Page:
Five Practical Porsches that Led to the Panamera Sedan
Porsche's been toying with the idea as far back as the Fifties.
The road to four- and five-passenger Porsches traces back a lot longer than you may think, as the company revisited the idea with some regularity starting in the 1950s. Yet it took until 2009 for the first Porsche sedan to hit production in the form of the Panamera. (Of course, a more capacious Porsche had already launched in 2002 in the form of the Cayenne SUV.) The final car was based on three concepts called the Mirage, Meteor, and Phantom, and internally the project was known as "G1." Some 235,000 examples have been built over the last decade, but none of them may have happened if it weren't for the groundwork laid by the cars listed here.
Porsche Type 530
The first four-seater Porsche was based on a 1950s 356 and called the Type 530. Pictured at the top of this post, it featured a lengthened wheelbase, bigger doors, and a raised roof that gives the rear profile a statelier, almost British look. Given the diminutive size of the 356, the rear quarters can't have been too accommodating, but we'd have loved to see how this car played out in production. Alas, that wasn't to be.
1967 Four-Door 911
This funky four-door was a one-off custom build for Dr. William Dick, a Texas Porsche dealer, who commissioned it as a Christmas present for his wife. Troutman-Barnes of Culver City, California, were given the honors of cutting a 911 in half; fitting additional, reverse-hinged doors; and adding several inches in length.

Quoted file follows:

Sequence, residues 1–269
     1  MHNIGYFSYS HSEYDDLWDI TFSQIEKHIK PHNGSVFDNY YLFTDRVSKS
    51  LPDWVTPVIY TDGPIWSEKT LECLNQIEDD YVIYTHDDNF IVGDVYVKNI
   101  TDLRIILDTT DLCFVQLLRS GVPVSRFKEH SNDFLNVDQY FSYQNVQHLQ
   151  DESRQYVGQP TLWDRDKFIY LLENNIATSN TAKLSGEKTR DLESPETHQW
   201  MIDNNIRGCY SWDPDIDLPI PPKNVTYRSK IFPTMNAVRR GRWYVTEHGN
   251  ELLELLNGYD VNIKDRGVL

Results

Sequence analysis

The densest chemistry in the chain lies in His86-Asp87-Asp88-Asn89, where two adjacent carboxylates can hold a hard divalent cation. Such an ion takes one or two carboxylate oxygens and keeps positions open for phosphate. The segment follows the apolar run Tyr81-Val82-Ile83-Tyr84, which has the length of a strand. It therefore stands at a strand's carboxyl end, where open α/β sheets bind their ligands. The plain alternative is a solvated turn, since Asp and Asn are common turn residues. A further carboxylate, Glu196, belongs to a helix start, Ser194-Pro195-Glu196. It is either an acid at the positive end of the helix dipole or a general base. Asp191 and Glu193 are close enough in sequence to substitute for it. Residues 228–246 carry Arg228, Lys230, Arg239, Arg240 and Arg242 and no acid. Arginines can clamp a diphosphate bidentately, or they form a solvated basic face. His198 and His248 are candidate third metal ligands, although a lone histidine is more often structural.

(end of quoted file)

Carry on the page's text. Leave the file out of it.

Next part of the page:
1984 942 Prototype
The 942 prototype was a 928 with a 10-inch wheelbase stretch and clamshell rear doors. It was presented to Ferry Porsche for his 75th birthday and was used by him as one of his private runabouts. A later, similar design study from 1987 was called the H50.
1988 Type 989 Prototype
A four-door with two rear seats and a water-cooled V-8 engine up front. The "family sports car" is a direct antecedent of the Panamera but didn't get a green light due to financial constraints at the time.
The muscular Concept Mirage featured many characteristics that eventually translated to the first-generation Panamera, including a fast roofline, its bulbous rear end, and a hatchback. While that initial Panamera was polarizing to say the least, it's fair to say that the current second-generation car is a much more attractive execution on the theme, and it's even spawned a wagonoid version in the Sport Turismo. The powertrains on offer include a twin-turbo V-6 good for 440 horsepower, a twin-turbo V-8 with 550 horsepower, and hybrid versions that can stump up as much as 680 horses.